• It is regulated – NPS is regulated by PFRDA, with transparent investment norms and regular monitoring and performance review of fund managers by NPS Trust.


Context: A high-level dialogue of the UN’s Economic and Social Council (ECOSOC) on “Multilateralism after COVID-19: What kind of UN do we need at the 75th anniversary?” was held recently.

About the news

  • Prime Minister Narendra Modi addressed the ECOSOC gathering virtually, along with UN Secretary-General Antonio Guterres, Norwegian Prime Minister Erna Solberg and Chinese Foreign Minister Wang Yi.
  • He called on members of the United Nations to pledge for reform within the world body
  • He stated that the multilateral system needed to more representative, and India believed that “the path to achieve sustainable peace and prosperity” was through multilateralism.

India’s fight against the pandemic

  • India has extended assistance to more than 150 countries and also helped set up a SAARC (South Asian Association for Regional Cooperation) COVID-19 emergency fund in the South Asian neighbourhood.
  • A government package of $300 billion to “bring the economy back on track, build modern infrastructure and put in place a technology-driven system”.


  • The Economic and Social Council is at the heart of the United Nations system to advance the three dimensions of sustainable development – economic, social and environmental.
  • It is the central platform for fostering debate and innovative thinking, forging consensus on ways forward, and coordinating efforts to achieve internationally agreed goals.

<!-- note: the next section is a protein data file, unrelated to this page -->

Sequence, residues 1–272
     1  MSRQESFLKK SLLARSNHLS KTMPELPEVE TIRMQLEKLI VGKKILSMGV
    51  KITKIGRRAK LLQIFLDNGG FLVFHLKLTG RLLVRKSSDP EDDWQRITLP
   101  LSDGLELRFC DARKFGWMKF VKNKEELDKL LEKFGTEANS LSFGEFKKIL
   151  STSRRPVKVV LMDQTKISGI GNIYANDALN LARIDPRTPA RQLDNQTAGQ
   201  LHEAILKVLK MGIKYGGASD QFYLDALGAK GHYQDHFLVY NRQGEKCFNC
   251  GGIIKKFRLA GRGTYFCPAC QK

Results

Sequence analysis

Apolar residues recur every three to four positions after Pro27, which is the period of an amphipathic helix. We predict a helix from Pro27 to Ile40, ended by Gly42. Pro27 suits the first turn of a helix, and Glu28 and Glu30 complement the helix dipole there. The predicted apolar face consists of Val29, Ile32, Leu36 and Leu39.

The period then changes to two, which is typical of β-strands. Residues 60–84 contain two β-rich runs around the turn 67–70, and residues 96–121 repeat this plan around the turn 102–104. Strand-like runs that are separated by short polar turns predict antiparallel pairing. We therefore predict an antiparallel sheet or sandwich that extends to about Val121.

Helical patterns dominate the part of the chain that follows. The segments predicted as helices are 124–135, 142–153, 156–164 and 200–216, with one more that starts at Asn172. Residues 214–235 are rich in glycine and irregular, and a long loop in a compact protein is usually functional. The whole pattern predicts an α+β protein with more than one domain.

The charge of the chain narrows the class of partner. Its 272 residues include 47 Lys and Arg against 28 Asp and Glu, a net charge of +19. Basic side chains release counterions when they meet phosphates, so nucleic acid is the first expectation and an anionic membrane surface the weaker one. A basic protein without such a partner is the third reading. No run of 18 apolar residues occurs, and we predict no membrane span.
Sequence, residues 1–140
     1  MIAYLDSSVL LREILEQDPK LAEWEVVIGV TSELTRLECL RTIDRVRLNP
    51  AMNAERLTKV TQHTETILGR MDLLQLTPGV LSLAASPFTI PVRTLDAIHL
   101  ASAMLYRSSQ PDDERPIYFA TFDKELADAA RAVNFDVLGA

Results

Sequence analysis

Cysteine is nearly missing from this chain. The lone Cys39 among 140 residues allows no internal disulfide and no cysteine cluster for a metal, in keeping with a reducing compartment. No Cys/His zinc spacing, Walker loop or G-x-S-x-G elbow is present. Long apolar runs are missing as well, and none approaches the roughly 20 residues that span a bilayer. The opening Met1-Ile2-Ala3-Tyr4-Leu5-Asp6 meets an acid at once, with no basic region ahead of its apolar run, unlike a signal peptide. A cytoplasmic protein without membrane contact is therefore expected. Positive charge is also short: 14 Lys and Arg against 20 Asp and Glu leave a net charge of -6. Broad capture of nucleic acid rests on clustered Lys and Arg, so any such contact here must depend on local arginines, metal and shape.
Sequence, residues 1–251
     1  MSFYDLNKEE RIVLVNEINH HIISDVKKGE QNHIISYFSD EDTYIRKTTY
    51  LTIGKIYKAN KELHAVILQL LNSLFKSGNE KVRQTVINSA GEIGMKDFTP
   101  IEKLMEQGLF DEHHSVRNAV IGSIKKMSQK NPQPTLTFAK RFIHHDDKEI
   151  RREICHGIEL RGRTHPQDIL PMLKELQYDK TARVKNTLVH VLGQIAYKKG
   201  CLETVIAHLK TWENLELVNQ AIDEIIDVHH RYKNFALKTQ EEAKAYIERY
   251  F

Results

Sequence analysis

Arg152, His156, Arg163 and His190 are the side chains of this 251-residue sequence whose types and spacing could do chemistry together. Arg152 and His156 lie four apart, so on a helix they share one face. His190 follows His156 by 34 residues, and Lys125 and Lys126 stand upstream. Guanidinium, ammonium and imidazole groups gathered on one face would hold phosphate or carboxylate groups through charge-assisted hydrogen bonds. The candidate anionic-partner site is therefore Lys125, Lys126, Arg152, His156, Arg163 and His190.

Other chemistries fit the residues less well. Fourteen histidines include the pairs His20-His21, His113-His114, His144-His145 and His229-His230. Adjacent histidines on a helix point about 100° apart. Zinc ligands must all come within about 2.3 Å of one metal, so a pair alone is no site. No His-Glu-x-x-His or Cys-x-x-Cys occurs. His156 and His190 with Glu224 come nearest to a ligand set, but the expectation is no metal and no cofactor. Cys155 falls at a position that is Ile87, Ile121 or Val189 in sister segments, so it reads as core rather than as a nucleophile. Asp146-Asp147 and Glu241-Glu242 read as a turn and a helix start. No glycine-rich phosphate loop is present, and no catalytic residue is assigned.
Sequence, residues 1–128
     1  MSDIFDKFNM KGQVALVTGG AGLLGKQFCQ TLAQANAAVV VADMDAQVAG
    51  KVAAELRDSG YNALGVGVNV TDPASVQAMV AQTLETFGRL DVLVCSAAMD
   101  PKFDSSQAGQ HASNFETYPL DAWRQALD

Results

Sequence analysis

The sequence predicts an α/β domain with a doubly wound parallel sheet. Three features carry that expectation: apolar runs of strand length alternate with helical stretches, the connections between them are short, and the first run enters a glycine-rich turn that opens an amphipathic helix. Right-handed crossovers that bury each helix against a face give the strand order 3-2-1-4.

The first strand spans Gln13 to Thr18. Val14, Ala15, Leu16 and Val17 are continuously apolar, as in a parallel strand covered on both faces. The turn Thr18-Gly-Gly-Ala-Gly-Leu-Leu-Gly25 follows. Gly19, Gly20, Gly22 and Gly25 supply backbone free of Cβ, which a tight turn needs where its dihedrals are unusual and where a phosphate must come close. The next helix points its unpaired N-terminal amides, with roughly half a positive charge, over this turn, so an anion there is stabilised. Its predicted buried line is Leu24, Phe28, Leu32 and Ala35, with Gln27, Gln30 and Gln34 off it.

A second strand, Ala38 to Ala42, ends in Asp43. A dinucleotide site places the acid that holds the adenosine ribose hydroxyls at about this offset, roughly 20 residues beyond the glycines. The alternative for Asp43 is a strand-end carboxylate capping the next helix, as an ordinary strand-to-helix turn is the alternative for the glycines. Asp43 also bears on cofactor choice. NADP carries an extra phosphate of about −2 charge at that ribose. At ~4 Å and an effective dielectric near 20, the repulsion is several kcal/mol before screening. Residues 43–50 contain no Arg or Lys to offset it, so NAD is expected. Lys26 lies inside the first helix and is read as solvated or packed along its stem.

• ECOSOC has 54 member Governments which are elected for three-year terms by the General Assembly. Seats on the Council are allotted based on geographical representation with fourteen allocated to African States, eleven to Asian States, six to Eastern European States, ten to Latin American and Caribbean States, and thirteen to Western European and other States.
  • The Bureau of ECOSOC includes one Government from each of five world regions – Latin America and the Caribbean, Africa, Asia, East Europe, and West Europe and the other developed countries. Each year, a representative from a different region is chosen to head the Council as its President.


  • ECOSOC, one of the six main organs of the United Nations established by the UN Charter in 1946, is the principal body for coordination, policy review, policy dialogue and recommendations on economic, social and environmental issues, as well as for implementation of the internationally agreed development goals.
  • ECOSOC serves as the central mechanism for the activities of the United Nations system and its specialized agencies, and supervises the subsidiary and expert bodies in the economic, social and environmental fields.
  • ECOSOC has undergone reforms in the last decade to strengthen the Council and its working methods, giving special attention to the integrated and coordinated implementation of, and follow-up to, the outcomes of all major United Nations conferences summits in the economic, social, environmental and related fields.


  • ECOSOC engages a wide variety of stakeholders – policymakers, parliamentarians, academics, major groups, foundations, business sector representatives and 3,200+ registered non-governmental organizations – in a productive dialogue on sustainable development through a programmatic cycle of meetings.
  • The work of the Council is guided by an issue-based approach, and there is an annual theme that accompanies each programmatic cycle, ensuring a sustained and focused discussion among multiple stakeholders.
  • At the 2005 World Summit, Heads of State and Government mandated the Economic and Social Council to hold Annual Ministerial Reviews (AMR) and a biennial Development Cooperation Forum (DCF).

Programmatic cycle of ECOSOC

  • High-Level Segment
    • High-Level Political Forum (HLPF) provides political leadership, guidance and recommendations for sustainable development, follow-up and review progress in the implementation of sustainable development commitments;